I wanted to ask: is there a shell tool (besides the sed/awk/bash/perl scripts I've cooked up on the fly) that is dedicated to *escaping*? In the Unix tradition of "one small tool that does its job well," I would expect there to be a tool floating around that was very, very good at escaping strings for nearly any purpose (escaping for HTML3, XML; grep/sed regex, extended grep regex, perl regex; bash glob strings w/ and w/o extglob, etc), dedicated to doing that and *only* that. However, after googling, looking through GNU's site, checking previous Ask Slashdot-s, and scouting freshmeat, I haven't found any dedicated tools. I have found plenty of small scripts for dedicated purposes, but I have found no tools for general string escaping. What I envision is something that can take strings line-by-line, word-by-word, or NUL-byte--by--NUL-byte, and escape a number of string components of various forms (HTML or XML entities, ANSI [or other terminal] escape sequences, regex special characters, etc). Does such a tool exist? If not, I would definitely write one, but I don't want to duplicate someone else's work to no useful end!"



quiz programs... and an interesting bookmark manager

orangesquid orangesquid writes  |  more than 6 years ago

[these are all fm proj names]
bookmarks: sresi - php and text interface, import and export mozilla,, .... looks promising!

now, the quiz/testing programs; i'm hoping to find one of these that i can use to train myself with the dozens of equations, dozens of device types, dozens of band diagrams, dozens of differential equations and their solutions, handful of derivations involving the Schrödinger equation, and hundreds of variables that I am required to be very familiar with (and in many cases have memorized and understood in extreme detail) for an undergrad course at univ. of delaware (=ELEG340) that teaches the mathematical relationship between atomic crystal lattices and electron wave mechanics, and semiconductor device behavior (p-n diodes, Schottky diodes, HEMTs, MESFETs, BJTs, and plenty of others...).

quizcards - flash cards, group things together, allows graphics (maybe i can import equations drawn with LaTeX?)
quiz - simple multiple choice questions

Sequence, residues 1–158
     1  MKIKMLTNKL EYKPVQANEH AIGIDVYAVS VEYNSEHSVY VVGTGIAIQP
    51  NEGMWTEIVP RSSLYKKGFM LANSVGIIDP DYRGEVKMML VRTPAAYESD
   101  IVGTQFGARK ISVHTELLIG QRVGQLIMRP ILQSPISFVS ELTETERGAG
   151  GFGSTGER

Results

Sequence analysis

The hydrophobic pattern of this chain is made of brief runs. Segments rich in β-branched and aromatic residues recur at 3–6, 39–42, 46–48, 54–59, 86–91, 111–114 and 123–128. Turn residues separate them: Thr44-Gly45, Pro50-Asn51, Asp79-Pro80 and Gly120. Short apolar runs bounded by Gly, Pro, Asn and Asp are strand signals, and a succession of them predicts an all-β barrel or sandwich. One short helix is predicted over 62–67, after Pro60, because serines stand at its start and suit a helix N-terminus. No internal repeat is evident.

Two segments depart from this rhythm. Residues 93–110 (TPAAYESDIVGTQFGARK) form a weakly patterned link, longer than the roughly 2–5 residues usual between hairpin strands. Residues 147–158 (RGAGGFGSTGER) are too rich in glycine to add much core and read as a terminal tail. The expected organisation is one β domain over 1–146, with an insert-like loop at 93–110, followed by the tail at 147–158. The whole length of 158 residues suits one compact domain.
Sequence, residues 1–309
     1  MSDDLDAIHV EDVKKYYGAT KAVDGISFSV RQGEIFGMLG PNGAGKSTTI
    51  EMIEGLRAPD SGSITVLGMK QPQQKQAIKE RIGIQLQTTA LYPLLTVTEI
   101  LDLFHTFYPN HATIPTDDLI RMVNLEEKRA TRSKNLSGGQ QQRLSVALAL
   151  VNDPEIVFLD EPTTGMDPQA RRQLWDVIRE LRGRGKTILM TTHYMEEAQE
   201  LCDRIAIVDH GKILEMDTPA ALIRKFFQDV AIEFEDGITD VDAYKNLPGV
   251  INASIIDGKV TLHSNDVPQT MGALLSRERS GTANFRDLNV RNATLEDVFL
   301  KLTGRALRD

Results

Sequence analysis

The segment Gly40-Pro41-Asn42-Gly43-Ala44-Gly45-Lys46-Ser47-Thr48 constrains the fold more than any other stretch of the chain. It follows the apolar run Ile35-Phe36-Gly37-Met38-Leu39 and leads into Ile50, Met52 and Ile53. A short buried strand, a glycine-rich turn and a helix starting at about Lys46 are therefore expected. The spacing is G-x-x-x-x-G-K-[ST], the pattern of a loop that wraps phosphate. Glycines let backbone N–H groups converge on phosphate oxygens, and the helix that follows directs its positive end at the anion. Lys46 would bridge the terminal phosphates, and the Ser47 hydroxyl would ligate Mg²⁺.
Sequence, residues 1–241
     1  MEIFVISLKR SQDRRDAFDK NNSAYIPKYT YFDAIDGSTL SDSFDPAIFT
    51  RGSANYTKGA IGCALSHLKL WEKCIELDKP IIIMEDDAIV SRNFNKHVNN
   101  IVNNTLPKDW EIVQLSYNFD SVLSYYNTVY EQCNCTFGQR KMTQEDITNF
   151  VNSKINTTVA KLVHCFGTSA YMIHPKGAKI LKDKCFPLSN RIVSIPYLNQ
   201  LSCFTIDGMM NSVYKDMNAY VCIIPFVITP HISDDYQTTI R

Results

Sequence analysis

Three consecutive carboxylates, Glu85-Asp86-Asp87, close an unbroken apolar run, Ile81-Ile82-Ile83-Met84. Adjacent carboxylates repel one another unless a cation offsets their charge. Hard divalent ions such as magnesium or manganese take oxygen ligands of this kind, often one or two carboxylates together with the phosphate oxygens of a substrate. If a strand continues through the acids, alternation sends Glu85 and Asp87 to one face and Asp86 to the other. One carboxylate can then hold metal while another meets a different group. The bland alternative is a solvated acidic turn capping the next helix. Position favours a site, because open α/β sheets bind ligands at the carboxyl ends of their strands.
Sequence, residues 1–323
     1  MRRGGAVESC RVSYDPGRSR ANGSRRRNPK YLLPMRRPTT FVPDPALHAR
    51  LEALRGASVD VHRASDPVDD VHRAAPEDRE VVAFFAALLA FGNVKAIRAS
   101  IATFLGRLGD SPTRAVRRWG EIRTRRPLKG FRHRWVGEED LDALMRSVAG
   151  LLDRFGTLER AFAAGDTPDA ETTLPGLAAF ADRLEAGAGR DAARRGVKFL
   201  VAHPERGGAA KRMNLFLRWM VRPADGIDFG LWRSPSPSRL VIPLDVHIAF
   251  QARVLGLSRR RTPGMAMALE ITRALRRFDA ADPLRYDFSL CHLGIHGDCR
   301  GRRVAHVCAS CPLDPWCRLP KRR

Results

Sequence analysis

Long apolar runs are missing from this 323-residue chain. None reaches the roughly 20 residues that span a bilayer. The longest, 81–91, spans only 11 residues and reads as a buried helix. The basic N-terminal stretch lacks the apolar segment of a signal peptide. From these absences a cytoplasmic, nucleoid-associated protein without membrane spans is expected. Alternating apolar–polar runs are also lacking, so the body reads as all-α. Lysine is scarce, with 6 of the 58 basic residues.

akfquiz - learning game creator; text, graphic, web interfaces
quizzy - looks like 'quiz' but perhaps more flexibile/mature
inquisition - sophisticated and graphical, create exams (more than just quiz questions) and train on them
jvlt - vocab learning tool, probably great for vocab but not for engineering classes
quizdrill - flash cards, multiple choice, adapts to what you get wrong, aimed for vocab memorization

quizcards might be my best bet. akfquiz and inquisition look neat, but might involve a lot of work just to create self-quizzes, given their sophistication.


machines running

orangesquid orangesquid writes  |  about 8 years ago

i have most machines running at the moment! yay.
as soon as i get home from vacation, i can fix the few remaining, and check out the state of everything, and then shut them down again for the remainder of the summer (Heat+power issues)


power outage AGAIN

orangesquid orangesquid writes  |  more than 8 years ago

evidently, delmarva power had something like 300+ homes without power, which is evidently why it took them ~22 hours to fix ours (only 3 homes were affected by a transformer next to us that blew in the mild rain last weekend).

I've learned that 'glitch' is getting really flaky about booting. Everything else booted up OK, really...



orangesquid orangesquid writes  |  more than 9 years ago

So there was a flood. Whee. It was a pain to restore everything.

glitch and leningrad lost their nvram data. Took several tries for glitch's BIOS to actually boot the disk. I had to boot leningrad twice because I messed up when I reset the ethernet address.

I also forgot to turn on the external disks for autumn, so I had to reboot that. Luckily, all the network routes, DNS settings, and mounted disks came online via my changes to SYSTARTUP.COM. I still don't understand VMS bootup, though; it's taken me many tries to get that right.

The BIOS on ledge also complained about the built-in clock, but on the second boot it worked.

I think everything else came up fine, after the normal tweaks and boot commands, but I brought the systems up one at a time, because if I don't, all the simultaneous disk spin-ups tend to trip the surge protector, and everything shuts down again.